Afghan men ‘mistrust’ foreign troops
Survey says many think NATO forces are occupiers intending to harm Islam
An unusual new survey in southern Afghanistan suggests that NATO’s eight-year campaign to win hearts and minds in the embattled region is in serious trouble.
Field researchers with the International Council on Security and Development, a policy think tank with an office in Afghanistan, last month interviewed 532 men in mostly rural parts of Kandahar and Helmand provinces.
The survey found that a significant majority (70 per cent) of southern Afghans felt military operations were bad for the Afghan people and that NATO forces did not protect the local population. Many (75 per cent) said the foreigners did not respect their religion and traditions; a similar number (74 per cent) believed it was “wrong” to work with international forces. Most (59 per cent) opposed a new military offensive against the Taliban in Kandahar.
“These results are troubling and demonstrate the mistrust and resentment felt towards the international presence in Afghanistan,” concludes the council’s report entitled, Afghanistan: The Relationship Gap, published Friday.
The opinion survey was conducted as 30,000 U.S. troops “surge” into southern Afghanistan, which has been the scene of heavy fighting between Taliban and NATO forces.
Since 2002, 150 Canadian soldiers have died serving in Afghanistan, most of them in Kandahar province.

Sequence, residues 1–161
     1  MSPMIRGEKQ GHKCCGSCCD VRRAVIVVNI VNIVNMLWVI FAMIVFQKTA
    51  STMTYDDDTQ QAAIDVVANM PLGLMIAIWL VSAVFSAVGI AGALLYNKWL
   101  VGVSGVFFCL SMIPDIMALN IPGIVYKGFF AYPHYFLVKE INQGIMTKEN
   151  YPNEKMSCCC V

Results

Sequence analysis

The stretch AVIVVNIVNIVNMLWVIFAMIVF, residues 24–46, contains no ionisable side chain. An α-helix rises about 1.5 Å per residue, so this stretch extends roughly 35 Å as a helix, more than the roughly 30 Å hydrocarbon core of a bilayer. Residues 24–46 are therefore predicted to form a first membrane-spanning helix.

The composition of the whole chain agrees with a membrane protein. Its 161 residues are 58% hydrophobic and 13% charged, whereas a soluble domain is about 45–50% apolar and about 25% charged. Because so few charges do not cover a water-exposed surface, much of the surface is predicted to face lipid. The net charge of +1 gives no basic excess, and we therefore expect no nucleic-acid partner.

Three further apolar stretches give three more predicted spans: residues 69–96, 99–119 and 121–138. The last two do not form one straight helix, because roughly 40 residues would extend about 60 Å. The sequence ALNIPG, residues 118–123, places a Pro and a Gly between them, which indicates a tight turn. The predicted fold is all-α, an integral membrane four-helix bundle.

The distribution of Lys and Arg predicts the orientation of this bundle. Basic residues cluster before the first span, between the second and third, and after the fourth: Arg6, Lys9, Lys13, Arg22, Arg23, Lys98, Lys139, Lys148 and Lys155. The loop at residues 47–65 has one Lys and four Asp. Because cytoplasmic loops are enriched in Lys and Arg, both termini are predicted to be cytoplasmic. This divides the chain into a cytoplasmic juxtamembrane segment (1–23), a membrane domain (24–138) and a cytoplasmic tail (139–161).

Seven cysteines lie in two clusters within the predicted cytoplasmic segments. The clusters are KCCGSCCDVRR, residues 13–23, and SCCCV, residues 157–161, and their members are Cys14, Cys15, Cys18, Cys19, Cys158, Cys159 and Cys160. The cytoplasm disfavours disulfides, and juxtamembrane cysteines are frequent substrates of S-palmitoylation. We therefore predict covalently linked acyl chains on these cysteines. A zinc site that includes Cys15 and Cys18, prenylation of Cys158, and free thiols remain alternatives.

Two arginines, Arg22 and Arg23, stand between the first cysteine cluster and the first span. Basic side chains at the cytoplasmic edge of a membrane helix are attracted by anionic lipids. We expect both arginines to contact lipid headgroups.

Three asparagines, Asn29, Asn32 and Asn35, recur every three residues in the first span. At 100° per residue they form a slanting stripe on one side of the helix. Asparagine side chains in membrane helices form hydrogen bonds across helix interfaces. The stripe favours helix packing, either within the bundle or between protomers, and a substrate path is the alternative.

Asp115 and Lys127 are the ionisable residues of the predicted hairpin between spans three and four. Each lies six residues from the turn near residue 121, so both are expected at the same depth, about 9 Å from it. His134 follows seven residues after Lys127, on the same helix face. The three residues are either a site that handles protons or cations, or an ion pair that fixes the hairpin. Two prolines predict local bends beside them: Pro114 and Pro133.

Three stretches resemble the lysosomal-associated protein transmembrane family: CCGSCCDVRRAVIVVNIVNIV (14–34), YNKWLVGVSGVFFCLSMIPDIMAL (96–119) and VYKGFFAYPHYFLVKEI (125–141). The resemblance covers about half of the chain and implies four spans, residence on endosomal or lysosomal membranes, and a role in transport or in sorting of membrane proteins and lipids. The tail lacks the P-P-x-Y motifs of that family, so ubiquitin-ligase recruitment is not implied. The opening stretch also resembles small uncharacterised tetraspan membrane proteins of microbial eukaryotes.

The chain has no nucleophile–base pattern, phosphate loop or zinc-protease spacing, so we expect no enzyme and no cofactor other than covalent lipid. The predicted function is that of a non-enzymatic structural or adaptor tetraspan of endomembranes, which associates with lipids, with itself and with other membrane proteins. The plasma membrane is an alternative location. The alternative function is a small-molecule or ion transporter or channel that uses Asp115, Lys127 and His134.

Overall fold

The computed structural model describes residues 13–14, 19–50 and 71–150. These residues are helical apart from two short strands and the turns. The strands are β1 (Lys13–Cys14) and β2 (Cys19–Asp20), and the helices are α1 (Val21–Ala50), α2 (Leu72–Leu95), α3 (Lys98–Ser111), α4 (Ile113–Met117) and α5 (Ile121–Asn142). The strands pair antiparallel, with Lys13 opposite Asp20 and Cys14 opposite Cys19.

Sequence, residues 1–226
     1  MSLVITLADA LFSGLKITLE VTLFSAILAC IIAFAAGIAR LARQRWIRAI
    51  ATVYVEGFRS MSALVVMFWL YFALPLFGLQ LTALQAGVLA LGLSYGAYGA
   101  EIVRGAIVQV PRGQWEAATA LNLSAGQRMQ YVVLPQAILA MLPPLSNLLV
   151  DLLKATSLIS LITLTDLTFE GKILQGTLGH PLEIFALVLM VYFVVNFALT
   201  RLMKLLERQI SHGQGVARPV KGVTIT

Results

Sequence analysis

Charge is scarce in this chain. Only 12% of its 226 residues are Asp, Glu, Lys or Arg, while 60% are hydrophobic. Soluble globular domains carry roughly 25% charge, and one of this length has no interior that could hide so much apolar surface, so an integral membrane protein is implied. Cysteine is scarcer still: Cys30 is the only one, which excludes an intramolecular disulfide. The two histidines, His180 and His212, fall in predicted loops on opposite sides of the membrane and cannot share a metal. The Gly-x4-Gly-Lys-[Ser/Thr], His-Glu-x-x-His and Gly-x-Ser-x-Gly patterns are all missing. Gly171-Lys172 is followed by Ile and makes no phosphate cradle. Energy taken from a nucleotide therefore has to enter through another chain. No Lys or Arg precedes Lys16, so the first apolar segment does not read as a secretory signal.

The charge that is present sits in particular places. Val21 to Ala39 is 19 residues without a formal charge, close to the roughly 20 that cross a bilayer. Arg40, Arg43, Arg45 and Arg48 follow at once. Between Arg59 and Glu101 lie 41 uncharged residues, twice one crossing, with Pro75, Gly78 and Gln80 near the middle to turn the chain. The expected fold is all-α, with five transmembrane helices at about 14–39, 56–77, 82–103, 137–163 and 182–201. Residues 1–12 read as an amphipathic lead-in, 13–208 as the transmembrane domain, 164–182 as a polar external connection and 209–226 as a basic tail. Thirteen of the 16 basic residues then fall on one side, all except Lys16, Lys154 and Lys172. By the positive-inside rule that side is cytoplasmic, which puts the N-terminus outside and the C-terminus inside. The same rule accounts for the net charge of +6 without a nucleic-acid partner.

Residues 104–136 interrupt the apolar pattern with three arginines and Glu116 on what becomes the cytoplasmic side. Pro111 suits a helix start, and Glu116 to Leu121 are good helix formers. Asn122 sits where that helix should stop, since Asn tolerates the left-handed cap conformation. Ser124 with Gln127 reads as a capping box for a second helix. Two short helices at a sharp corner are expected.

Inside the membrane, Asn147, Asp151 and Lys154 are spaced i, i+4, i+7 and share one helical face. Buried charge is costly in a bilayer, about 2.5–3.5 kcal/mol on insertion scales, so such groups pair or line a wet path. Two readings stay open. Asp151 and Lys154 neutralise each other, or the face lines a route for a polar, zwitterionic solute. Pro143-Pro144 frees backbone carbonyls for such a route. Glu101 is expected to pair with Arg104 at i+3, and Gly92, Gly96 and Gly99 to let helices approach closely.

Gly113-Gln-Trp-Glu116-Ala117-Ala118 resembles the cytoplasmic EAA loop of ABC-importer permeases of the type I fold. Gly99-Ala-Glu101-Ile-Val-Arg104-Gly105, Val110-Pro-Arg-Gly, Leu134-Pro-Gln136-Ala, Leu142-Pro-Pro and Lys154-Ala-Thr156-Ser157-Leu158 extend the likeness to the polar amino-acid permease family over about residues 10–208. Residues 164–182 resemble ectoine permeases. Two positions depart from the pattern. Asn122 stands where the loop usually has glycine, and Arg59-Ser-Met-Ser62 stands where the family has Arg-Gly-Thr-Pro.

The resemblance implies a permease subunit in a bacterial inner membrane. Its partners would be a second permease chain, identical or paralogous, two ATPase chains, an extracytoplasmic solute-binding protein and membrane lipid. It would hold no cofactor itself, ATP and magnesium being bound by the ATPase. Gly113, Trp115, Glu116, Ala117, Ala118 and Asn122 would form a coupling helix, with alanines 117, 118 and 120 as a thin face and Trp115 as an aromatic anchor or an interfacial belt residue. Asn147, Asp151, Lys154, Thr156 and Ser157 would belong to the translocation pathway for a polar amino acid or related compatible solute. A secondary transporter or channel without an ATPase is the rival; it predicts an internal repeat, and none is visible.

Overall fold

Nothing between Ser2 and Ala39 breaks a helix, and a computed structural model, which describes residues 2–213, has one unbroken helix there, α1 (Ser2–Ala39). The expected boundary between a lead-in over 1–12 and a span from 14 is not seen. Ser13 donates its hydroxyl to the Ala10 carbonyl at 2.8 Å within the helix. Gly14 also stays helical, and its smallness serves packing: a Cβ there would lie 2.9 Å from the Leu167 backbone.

It is estimated that the military mission could cost Canadian taxpayers $18.1 billion by the time it concludes in 2011.
Norine MacDonald, president and lead researcher with the International Council on Security and Development, said the survey highlights the communication gap that exists between NATO forces and the Afghan communities they’ve been deployed to protect.
The survey found that most Afghans thought foreign forces were in the country to occupy or destroy it (44 per cent) or to harm Islam (12 per cent).
“We are failing to explain ourselves or our objectives to the Afghan people,” said MacDonald, a Canadian lawyer who has worked in Kandahar for much of the past five years. “There’s a lot of disinformation about why we’re there and who we are.” Those failings, MacDonald said in a telephone interview Friday, have allowed the Taliban to sow its anti-Western propaganda.
Research teams with the international think tank put 50 questions to more than 500 men in southern Afghanistan in June. Most of the face-to-face interviews lasted about an hour.
Women were not surveyed, MacDonald said, due to logistical problems — it requires specialized research teams — and on-the-ground realities. “Unfortunately, their opinions are of limited relevance to what’s going to happen in Afghanistan in the short term,” she said. Given the nature of the survey, MacDonald said she was pleasantly surprised to find that a majority of Afghan men (57 per cent) supported girls’ education.
There were other encouraging signs in the results: 40 per cent of Afghans said democracy was important to them, and when given the choice between an elected government and the Taliban, a strong majority (72 per cent) favoured the democratic option.
MacDonald said the findings suggest the battle for hearts and minds is not over particularly when a majority, of Afghans (55 per cent) still believe NATO is winning the war.
“We have not been very good at understanding what their needs are and responding to that,” she said. “But that’s something that can be fixed without more troops or a lot more money.”